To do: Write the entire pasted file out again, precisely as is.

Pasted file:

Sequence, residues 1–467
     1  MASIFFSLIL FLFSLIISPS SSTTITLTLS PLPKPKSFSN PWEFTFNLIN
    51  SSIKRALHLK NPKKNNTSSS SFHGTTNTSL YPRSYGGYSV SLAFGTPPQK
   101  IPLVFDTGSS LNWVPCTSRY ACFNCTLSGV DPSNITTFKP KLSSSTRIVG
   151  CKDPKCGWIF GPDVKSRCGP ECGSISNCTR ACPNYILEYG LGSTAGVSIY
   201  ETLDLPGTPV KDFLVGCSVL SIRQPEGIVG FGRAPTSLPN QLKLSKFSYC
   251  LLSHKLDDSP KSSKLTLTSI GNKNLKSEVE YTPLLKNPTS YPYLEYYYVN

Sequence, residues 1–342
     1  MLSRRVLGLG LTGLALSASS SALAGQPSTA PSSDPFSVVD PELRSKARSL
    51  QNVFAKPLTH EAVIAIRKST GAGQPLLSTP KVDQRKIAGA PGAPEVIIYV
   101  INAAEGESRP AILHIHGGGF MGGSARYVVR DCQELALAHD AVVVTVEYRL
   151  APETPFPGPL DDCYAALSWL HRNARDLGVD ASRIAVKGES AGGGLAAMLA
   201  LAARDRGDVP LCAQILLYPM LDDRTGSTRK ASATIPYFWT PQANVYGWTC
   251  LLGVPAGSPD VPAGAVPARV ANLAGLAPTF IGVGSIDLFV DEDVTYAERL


Sequence, residues 1–467
     1  MASIFFSLIL FLFSLIISPS SSTTITLTLS PLPKPKSFSN PWEFTFNLIN
    51  SSIKRALHLK NPKKNNTSSS SFHGTTNTSL YPRSYGGYSV SLAFGTPPQK
   101  IPLVFDTGSS LNWVPCTSRY ACFNCTLSGV DPSNITTFKP KLSSSTRIVG
   151  CKDPKCGWIF GPDVKSRCGP ECGSISNCTR ACPNYILEYG LGSTAGVSIY
   201  ETLDLPGTPV KDFLVGCSVL SIRQPEGIVG FGRAPTSLPN QLKLSKFSYC
   251  LLSHKLDDSP KSSKLTLTSI GNKNLKSEVE YTPLLKNPTS YPYLEYYYVN

Sequence, residues 1–342
     1  MLSRRVLGLG LTGLALSASS SALAGQPSTA PSSDPFSVVD PELRSKARSL
    51  QNVFAKPLTH EAVIAIRKST GAGQPLLSTP KVDQRKIAGA PGAPEVIIYV
   101  INAAEGESRP AILHIHGGGF MGGSARYVVR DCQELALAHD AVVVTVEYRL
   151  APETPFPGPL DDCYAALSWL HRNARDLGVD ASRIAVKGES AGGGLAAMLA
   201  LAARDRGDVP LCAQILLYPM LDDRTGSTRK ASATIPYFWT PQANVYGWTC
   251  LLGVPAGSPD VPAGAVPARV ANLAGLAPTF IGVGSIDLFV DEDVTYAERL